Small, focused displays that showcase specific collections, prototype new ideas, or respond to current events.
ExhibitLab is the Science History Institute’s space in the Horiba Exhibit Hall for small, focused displays that showcase specific collections, prototype new ideas, or respond to current events. Our staff members, fellows, and school and community partners curate these displays.
For more information about ExhibitLab, please contact Molly Sampson at email@example.com.
Exploration of Morris A. Robbins, MD
February 7, 2023–June 3, 2023
The Science History Institute recently acquired concept models and prosthesis from the family of Morris A. Robbins (1916–2004), an orthopedic surgeon who had an accident as a teenager that left him without his left hand and with third degree burns that limited the mobility in his right hand.
His accident happened before prosthetics were widely available, so he took to designing and fabricating his own. He also wrote engineering essays and created prototypes of devices that could assist those living with physical disabilities.
This ExhibitLab looks at the personal prosthesis Robbins designed for specific uses during the surgeries he performed and for his everyday use. It also highlights some of the concept models that are based on his essays.
Exploration of Morris A. Robbins, MD was curated by the library’s Ashley Augustyniak and the museum’s Erin Gavin and Molly Sampson.
Making Milk: Dairy, Science, and Foodways
June 30, 2022–December 10, 2022
The stars of most dairy ads are happy cows in peaceful pastures. But since the early 1900s, milk production has been a highly technical and scientific process to ensure its safety, nutritional content, and efficient production.
Making Milk displayed items from the Science History Institute’s museum and library collections in the history of dairy science. This is a history that reveals connections between the farm, laboratory, factory, grocery store, and ultimately, the home.
This ExhibitLab was curated by former Institute fellow Jay Stone, a PhD candidate in the Program in History of Science at Princeton University, with assistance from the library’s Ashley Augustyniak and the museum’s Molly Sampson, Christy Schneider, and Jesse Smith.
February 17, 2022–June 4, 2022
How would you define “nude” as a color?
Until the 1910s, underwear was usually white. But then a new hue came on the market: a peach or pink tone called “flesh.” But whose flesh did this color reflect?
This limited vision of “flesh” color persisted for decades and in many cases, still does to this day. Bras in “flesh” color created a “nude” effect when worn under sheer blouses—but only for those with pink or peach skin tones.
Other everyday items like “flesh”-colored hosiery and bandages soon followed. Throughout the 1930s, such products proliferated and the term “nude” was popularized to describe a similar pinkish-beige color.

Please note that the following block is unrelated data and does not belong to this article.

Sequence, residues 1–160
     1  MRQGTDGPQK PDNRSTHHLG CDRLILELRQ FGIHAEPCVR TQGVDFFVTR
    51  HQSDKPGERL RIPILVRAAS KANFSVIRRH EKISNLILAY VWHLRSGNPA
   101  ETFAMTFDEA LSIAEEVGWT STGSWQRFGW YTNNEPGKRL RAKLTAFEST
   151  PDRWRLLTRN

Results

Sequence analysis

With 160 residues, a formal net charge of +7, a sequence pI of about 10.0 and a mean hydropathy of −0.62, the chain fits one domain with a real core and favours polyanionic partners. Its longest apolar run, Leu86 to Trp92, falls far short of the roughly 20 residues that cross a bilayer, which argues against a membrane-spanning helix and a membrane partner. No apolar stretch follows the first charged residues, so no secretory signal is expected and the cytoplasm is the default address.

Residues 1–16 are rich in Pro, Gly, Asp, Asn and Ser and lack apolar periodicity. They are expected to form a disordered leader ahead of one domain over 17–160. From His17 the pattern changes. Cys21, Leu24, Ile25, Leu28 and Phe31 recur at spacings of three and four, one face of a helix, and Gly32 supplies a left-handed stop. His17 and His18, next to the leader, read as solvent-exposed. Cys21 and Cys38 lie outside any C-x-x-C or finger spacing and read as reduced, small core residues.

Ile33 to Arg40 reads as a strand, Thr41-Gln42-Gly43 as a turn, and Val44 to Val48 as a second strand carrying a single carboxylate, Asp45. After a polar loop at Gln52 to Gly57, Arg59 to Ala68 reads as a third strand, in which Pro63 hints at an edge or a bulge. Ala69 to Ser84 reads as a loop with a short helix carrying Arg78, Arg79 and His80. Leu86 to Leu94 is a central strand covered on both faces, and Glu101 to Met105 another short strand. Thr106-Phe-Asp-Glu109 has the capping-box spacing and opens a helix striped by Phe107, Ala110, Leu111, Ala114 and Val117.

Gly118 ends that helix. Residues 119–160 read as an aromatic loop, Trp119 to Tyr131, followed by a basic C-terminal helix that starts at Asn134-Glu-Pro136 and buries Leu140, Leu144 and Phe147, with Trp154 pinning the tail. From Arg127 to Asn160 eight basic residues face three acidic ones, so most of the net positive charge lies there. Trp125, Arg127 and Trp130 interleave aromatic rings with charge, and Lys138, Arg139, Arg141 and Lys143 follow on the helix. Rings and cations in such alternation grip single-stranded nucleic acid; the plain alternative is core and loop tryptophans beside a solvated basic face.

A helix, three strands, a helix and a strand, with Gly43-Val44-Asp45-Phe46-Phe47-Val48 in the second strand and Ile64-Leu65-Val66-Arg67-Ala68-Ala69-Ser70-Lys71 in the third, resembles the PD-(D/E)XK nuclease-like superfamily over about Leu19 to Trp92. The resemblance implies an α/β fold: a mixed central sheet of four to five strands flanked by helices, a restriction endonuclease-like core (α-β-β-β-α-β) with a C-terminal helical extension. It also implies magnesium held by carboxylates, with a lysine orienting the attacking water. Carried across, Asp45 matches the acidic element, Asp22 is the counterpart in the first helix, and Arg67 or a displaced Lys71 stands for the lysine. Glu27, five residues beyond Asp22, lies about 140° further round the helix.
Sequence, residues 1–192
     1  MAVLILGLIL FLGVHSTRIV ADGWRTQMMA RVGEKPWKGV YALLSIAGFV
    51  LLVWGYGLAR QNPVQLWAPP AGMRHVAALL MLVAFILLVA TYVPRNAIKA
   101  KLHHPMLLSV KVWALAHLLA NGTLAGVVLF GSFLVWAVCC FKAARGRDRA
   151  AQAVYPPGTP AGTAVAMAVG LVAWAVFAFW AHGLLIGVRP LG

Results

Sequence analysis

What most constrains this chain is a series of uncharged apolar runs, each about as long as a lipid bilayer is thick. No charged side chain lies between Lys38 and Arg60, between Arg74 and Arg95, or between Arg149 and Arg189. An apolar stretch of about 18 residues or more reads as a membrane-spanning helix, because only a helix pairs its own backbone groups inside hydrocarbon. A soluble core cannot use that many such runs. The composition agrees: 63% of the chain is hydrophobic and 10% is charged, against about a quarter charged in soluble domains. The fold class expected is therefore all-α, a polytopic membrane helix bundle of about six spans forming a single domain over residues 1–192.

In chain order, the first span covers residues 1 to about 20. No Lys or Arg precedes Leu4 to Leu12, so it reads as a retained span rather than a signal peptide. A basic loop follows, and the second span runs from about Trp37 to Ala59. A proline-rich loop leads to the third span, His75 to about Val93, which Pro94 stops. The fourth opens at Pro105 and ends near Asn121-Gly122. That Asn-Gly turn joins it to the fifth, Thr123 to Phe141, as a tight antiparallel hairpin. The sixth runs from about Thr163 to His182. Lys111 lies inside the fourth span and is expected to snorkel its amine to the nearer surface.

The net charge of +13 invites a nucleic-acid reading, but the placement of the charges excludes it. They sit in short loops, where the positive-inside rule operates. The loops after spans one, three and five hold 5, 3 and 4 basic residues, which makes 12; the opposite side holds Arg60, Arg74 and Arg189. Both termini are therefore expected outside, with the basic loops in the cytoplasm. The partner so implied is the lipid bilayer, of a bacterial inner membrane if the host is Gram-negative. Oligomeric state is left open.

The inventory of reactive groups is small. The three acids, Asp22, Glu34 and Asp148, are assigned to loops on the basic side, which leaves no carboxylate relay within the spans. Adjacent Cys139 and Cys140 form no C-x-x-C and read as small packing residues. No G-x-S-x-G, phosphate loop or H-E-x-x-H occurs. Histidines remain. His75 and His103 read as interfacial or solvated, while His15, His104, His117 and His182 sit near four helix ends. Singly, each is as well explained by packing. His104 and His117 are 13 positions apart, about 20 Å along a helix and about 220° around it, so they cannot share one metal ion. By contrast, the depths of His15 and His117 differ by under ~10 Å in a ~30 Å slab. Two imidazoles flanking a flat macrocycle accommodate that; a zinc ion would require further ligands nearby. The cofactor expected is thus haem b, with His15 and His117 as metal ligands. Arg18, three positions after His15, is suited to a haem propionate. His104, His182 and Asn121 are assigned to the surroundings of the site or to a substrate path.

These early definitions of “flesh” and “nude” colors have always excluded Black, Indigenous, and people of color. This exhibition examines that history and highlights efforts to redefine “nude.”
Redefining Nude was curated by Institute fellow Isabelle Held with assistance from the library’s Ashley Augustyniak and the museum’s Katie Lagarde and Molly Sampson.
Take a virtual tour with the exhibition’s curator on YouTube or visit the Google Arts & Culture digital exhibition.
Nylon: From Labs to Legs
October 13, 2021–February 16, 2022
This ExhibitLab charts the development of nylon, from its creation in DuPont’s lab by chemist Wallace Carothers and his team in the 1930s to its applications today. On display are materials and objects in our collections that trace nylon’s evolution from labs to legs.
Our journey begins with nylon’s early production in photographs and artifacts like Carothers’s notebook and nylon pellets. Next, laddered nylon wear-test underwear and hosiery from 1938 teaches us about DuPont’s culture of materials research and experimentation.
After this we meet “The Test Tube Girl” and learn how DuPont gendered the latest synthetic developments and presented these at the famous 1939 New York World’s Fair.
Finally, discover more about the legacies of nylon and examples of different ways it is used in contemporary intimate technologies of the body, such as in binders and swimwear.
Nylon: From Labs to Legs was curated by Institute fellow Isabelle Held with assistance from the library’s Ashley Augustyniak and the museum’s Katie Lagarde and Molly Sampson.
Take a virtual tour with the exhibition’s curator on YouTube or learn more about nylon by visiting the Google Arts & Culture digital exhibition.
July 13, 2021–October 12, 2021
Although our doors were closed to visitors and researchers during the pandemic, we were still actively adding to our collections.